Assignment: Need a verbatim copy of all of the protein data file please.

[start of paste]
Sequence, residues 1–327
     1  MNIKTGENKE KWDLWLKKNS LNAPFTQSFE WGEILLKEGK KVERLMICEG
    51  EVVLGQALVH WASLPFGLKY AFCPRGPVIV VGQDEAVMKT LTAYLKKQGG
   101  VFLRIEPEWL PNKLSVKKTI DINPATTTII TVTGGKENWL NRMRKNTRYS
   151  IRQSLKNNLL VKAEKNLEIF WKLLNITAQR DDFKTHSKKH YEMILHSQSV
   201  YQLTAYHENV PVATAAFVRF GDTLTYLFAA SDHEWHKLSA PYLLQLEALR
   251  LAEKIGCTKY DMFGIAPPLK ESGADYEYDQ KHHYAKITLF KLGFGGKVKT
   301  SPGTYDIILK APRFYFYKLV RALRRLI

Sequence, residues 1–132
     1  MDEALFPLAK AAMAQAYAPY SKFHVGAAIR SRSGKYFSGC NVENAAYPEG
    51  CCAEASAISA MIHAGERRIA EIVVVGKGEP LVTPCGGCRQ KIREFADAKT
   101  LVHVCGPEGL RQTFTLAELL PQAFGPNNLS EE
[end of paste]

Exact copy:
Sequence, residues 1–327
     1  MNIKTGENKE KWDLWLKKNS LNAPFTQSFE WGEILLKEGK KVERLMICEG
    51  EVVLGQALVH WASLPFGLKY AFCPRGPVIV VGQDEAVMKT LTAYLKKQGG
   101  VFLRIEPEWL PNKLSVKKTI DINPATTTII TVTGGKENWL NRMRKNTRYS
   151  IRQSLKNNLL VKAEKNLEIF WKLLNITAQR DDFKTHSKKH YEMILHSQSV
   201  YQLTAYHENV PVATAAFVRF GDTLTYLFAA SDHEWHKLSA PYLLQLEALR
   251  LAEKIGCTKY DMFGIAPPLK ESGADYEYDQ KHHYAKITLF KLGFGGKVKT
   301  SPGTYDIILK APRFYFYKLV RALRRLI

Sequence, residues 1–132
     1  MDEALFPLAK AAMAQAYAPY SKFHVGAAIR SRSGKYFSGC NVENAAYPEG
    51  CCAEASAISA MIHAGERRIA EIVVVGKGEP LVTPCGGCRQ KIREFADAKT
   101  LVHVCGPEGL RQTFTLAELL PQAFGPNNLS EE